Parents 'get more in benefits than they pay in taxes'
A worker earning around the average wage, with two children, gets more in benefits than he or she pays in work-related taxes, a global economic think-tank has claimed.
Once child benefit and other tax provisions are factored in, a worker with two children, on the average wage, takes home 100.3pc of his or her gross wage, according to the Organisation for Economic Cooperation and Development (OECD).
The CSO estimates the average wage at around €36,000.
"Taking into account child related benefits and tax provisions, the employee net average tax rate for an average married worker with two children in Ireland was actually negative at -0.3pc in 2015, which is the lowest in the OECD, and compares with a reduction of to 14.6pc for the OECD average," the OECD tax report said.
"This means that an average married worker with two children in Ireland had take home pay, after tax and family benefits, of 100.3pc of their gross wage compared to 85.4pc for the OECD average."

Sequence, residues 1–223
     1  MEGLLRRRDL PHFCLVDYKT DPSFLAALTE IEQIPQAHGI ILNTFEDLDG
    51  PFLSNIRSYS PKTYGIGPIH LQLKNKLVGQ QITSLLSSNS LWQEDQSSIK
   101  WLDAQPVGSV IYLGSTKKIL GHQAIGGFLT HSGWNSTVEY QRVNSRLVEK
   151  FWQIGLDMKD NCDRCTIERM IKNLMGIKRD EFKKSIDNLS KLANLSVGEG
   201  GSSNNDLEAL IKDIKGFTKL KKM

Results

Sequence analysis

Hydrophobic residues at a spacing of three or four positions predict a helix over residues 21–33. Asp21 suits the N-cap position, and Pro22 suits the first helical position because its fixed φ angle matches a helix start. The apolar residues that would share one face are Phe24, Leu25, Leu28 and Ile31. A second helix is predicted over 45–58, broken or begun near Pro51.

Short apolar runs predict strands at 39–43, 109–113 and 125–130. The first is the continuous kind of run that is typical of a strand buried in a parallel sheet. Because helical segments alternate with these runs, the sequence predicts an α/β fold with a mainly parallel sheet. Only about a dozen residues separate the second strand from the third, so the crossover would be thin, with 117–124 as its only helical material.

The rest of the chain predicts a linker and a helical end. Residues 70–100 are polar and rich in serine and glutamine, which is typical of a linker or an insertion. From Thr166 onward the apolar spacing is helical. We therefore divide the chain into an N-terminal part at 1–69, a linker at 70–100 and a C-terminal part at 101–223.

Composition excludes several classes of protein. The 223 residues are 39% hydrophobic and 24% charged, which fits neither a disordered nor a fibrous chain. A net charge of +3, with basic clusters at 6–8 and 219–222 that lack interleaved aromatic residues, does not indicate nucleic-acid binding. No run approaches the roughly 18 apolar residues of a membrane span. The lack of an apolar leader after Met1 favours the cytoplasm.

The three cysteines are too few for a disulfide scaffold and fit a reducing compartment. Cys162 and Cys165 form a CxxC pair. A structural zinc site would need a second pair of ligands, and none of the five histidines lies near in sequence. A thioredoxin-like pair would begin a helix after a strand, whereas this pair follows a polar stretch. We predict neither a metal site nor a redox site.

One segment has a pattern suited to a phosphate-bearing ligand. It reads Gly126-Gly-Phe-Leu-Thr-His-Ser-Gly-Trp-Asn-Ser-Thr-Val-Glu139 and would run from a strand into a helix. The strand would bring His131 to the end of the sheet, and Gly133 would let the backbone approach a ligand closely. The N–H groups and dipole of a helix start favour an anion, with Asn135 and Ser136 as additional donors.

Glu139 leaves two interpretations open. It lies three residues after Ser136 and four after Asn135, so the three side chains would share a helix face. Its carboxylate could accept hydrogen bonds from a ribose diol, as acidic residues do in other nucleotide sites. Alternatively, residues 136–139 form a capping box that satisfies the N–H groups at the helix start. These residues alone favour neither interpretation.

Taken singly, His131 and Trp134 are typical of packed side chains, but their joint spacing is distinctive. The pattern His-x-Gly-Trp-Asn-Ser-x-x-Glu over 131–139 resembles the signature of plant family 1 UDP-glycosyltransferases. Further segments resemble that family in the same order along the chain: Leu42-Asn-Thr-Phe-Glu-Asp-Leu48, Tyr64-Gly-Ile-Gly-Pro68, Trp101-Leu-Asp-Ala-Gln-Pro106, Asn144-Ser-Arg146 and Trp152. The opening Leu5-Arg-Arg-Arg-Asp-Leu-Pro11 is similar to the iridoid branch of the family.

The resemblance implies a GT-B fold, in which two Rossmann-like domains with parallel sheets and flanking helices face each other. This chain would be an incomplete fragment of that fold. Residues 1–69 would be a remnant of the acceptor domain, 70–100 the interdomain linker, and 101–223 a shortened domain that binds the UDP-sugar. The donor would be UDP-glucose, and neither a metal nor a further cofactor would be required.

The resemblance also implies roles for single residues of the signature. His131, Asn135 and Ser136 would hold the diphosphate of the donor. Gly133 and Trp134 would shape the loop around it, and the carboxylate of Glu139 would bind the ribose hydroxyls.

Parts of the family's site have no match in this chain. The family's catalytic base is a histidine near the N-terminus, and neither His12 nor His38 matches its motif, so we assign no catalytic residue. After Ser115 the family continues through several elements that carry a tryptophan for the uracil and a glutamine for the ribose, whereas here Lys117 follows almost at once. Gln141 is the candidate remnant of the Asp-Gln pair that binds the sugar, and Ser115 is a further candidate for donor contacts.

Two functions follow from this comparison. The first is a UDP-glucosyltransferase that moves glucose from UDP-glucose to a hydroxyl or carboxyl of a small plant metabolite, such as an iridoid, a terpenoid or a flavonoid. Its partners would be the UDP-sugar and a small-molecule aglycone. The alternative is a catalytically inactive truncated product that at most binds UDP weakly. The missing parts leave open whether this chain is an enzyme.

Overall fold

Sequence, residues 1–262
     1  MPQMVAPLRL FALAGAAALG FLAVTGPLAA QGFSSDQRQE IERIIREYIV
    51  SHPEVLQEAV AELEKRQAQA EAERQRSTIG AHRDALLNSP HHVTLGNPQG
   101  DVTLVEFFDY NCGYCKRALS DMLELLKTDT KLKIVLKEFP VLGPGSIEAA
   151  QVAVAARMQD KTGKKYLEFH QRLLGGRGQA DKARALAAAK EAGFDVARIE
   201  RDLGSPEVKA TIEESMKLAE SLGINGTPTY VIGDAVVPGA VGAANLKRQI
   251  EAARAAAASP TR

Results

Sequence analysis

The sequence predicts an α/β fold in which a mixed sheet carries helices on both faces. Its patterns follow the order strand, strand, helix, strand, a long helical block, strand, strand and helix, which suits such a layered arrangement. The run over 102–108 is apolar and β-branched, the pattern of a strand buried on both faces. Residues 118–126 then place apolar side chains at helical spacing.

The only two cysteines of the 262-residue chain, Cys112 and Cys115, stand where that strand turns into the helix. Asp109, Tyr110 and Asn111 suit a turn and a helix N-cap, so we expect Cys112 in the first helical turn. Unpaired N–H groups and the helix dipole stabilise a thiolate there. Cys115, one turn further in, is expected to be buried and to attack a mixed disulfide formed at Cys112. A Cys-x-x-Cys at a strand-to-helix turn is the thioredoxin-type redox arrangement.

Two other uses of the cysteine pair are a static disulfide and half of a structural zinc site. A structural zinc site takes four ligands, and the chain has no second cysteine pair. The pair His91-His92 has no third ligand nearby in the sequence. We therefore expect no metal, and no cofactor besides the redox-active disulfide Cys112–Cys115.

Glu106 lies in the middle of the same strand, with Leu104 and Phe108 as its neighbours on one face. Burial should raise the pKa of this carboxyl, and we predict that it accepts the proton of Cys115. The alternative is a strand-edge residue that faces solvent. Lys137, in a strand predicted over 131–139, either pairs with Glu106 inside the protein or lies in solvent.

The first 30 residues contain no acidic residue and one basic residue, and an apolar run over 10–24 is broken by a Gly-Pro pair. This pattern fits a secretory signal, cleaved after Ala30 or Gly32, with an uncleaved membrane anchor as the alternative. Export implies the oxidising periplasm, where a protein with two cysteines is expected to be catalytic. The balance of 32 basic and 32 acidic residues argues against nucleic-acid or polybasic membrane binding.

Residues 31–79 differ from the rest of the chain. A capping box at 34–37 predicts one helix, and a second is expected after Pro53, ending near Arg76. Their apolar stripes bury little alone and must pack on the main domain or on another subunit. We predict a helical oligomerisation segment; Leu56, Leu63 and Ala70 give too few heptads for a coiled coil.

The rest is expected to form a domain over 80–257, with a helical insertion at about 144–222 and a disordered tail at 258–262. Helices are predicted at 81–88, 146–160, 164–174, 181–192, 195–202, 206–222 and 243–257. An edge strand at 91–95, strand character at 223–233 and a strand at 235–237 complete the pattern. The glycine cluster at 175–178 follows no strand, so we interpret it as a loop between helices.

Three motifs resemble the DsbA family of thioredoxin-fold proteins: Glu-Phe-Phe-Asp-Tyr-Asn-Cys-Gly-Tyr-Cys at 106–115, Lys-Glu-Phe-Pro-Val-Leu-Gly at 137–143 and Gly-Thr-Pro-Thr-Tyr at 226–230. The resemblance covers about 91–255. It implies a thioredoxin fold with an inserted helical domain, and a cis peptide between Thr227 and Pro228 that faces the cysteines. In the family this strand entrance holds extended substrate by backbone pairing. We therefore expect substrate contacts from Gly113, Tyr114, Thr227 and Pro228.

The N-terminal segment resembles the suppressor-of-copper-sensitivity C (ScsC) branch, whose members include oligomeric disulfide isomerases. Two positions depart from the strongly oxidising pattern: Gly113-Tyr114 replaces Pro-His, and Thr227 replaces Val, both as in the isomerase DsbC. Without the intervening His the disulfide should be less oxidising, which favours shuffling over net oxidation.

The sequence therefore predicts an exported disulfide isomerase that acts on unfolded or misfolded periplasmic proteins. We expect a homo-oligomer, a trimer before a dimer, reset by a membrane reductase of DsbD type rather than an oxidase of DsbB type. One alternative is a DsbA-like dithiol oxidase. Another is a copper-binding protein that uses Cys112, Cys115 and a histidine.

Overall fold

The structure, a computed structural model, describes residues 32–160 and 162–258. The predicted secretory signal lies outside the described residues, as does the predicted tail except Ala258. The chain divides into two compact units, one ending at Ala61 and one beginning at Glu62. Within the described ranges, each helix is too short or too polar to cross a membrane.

The Paris-based organisation said that, after tax and benefits, an average single worker takes home just over 80pc of his or her gross wage. The OECD said the data includes PRSI contributions made by workers and the Universal Social Charge.
But other taxes faced by families, including property taxes and water charges, are excluded. Economist Micheál Collins, senior research officer at the Nevin Economic Research Institute (NERI), said people were generally surprised at how low the income tax was in Ireland compared to other countries.
"The OECD charts are a useful insight into these comparisons and have, over the years, consistently shown how low the proportion of income paid in tax is for almost all Irish earners," Mr Collins said.
Mr Collins said that for a couple with one PAYE income and two children, where the earner gets €30,000 per year, he or she will pay €3,193 in taxes and social insurance after taking account of tax credits. In addition, they will receive €140 per month in child benefit for each child, making a total of €3,360 per year.